Drum sets used for metal are typically larger than the standard 5-piece used in rock music. Large sets were even used on early metal records by bands like Iron Maiden and Judas Priest. Mega kits have been part of the “metal sound” since the early days of metal music. Metal drummers will often use one or two bass drums (22”-24”), two or three rack toms (10”-13”), one or two floor toms (14”-18”), and a snare drum (14”). Of course, every metal drummer will have a different setup depending on their preferences and the specific music they’re playing. For example, Billy Rymer of the Dillinger Escape Plan only uses a basic 4-piece setup, while Mike Mangini of Dream Theater uses a kit with 10+ toms and four bass drums!
When it comes to snare drums, you need to choose a snare that can project through a mix of distorted guitars and screaming/growling vocals. Brass and steel snares are usually the go-to choices for metal drummers. They produce a consistent sound that projects a TON of volume. Here are some snare drums that we recommend for metal drumming:
Cymbals used for metal are often thicker than cymbals used in other styles of music. These cymbals need to be able to withstand aggressive playing styles and project through distorted guitars and powerful vocals. Metal drummers are known for incorporating many different cymbals into their setups. At the bare minimum, they will use a pair of hi-hats (14”-15”), a ride cymbal (20”-22”), a variety of crash cymbals (16”-20”), and a Chinese cymbal (18”-20”) or cymbal stack (sizes vary).
In addition to these popular metal cymbals, here are some other cymbals to check out that will work perfectly in a metal drumming context:
Both coated and clear batter heads are used for playing metal. Two-ply drumheads are most commonly used by metal drummers, specifically for their durability. Clear drumheads provide a brighter sound with more attack than coated drumheads. Using a coated batter head will provide warmth and some muffling. The choice is up to you, depending on the specific sound you’re trying to achieve. One-ply clear resonant drumheads are the most common for metal drummers. This allows for maximum resonance. Some resonant heads will feature subtle dampening to control unwanted overtones as well.
Muffling or dampening is a common technique used by metal drummers to achieve a more focused and less resonant sound. This sound can be achieved by using specific drumheads like the Evans EMAD Series and other drumheads that include dampening systems. Muffling products like Drumtacs, MoonGel, and Remo’s Tone Control Rings are also commonly used by metal drummers.
Double bass drum pedals are a must-have for any metal drummer (unless you’re using two individual bass drums – then you will need two single pedals). These consist of a primary pedal that attaches to your bass drum, as well as a slave pedal that attaches to your primary pedal via a metal link system. The two main drive types (the mechanism that controls the bass drum beater) used by drum manufacturers today are direct drive and chain drive.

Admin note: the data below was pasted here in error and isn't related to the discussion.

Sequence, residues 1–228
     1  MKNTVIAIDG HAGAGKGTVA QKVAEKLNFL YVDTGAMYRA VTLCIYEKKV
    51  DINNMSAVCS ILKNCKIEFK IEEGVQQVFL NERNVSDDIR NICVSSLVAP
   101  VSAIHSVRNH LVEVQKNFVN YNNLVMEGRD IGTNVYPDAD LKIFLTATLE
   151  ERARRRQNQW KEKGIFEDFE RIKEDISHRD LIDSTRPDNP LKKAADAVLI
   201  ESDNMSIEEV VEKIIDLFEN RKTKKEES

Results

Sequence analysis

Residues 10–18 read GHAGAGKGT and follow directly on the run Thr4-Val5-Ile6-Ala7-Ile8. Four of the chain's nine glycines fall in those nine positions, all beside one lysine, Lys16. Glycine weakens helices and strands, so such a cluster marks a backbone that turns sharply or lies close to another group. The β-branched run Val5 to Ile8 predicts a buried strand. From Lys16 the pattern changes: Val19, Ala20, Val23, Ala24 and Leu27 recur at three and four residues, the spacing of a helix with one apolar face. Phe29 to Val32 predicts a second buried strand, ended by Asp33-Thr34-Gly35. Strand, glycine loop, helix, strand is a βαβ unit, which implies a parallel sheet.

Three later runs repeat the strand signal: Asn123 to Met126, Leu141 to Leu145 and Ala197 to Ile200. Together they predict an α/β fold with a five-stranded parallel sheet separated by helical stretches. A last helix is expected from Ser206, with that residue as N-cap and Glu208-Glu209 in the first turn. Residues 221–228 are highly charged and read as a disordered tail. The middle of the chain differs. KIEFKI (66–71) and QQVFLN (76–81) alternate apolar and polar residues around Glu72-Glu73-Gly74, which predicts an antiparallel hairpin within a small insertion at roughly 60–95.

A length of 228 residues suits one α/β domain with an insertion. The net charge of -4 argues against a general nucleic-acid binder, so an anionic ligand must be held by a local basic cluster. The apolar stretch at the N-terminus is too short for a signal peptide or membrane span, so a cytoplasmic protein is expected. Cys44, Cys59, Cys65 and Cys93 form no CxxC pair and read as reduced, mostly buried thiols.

These pedals feature a direct link between the footboard and the bass drum beater. These pedals are ideal for a smooth feel and maximum speed.
These pedals include a chain between the footboard and the bass drum beater. These pedals are ideal for power and are the most common of the two drive types.
Metal drummers often use triggers on their toms, snare drums, and most commonly on their bass drums. When a trigger is attached to a bass drum, whenever the bass drum is struck, any sampled bass drum sound of your choice can be “triggered” from an electronic module. This allows drummers to achieve consistent sounds that cut through the mix. One of the most popular bass drum triggers is the Roland RT-30K Kick Drum Trigger which can be controlled using the Roland TM-2 Trigger Module.
Here is a list of ten drummers that have had a significant impact in the world of metal drumming. You can click on each name to watch a performance by each drummer!
Here are fifteen essential metal albums that every drummer should check out. These albums span a wide range of metal subgenres including thrash metal, death metal, nu metal, and metalcore.
Drummer: Phil Taylor
“The Number of the Beast” (1982)
Drummer: Clive Burr
“Holy Diver” (1983)
Drummer: Vinny Appice
“Ride the Lightning” (1984)
Drummer: Lars Ulrich
“Reign in Blood” (1986)
Drummer: Dave Lombardo
“Operation: Mindcrime” (1988)
Drummer: Scott Rockenfield
“Rust in Peace” (1990)
Drummer: Nick Menza
Drummer: Scott Travis
“Vulgar Display of Power” (1992)
Drummer: Vinnie Paul
Drummer: Gene Hoglan
“Blackwater Park” (2001)
Drummer: Martin Lopez
Lamb of God
“Ashes of the Wake” (2004)
Drummer: Chris Adler
Drummer: Tomas Haake
Drummer: Dan Searle
Drummer: Stephen Kluesener
Recommended tracks as curated by Brandon Toews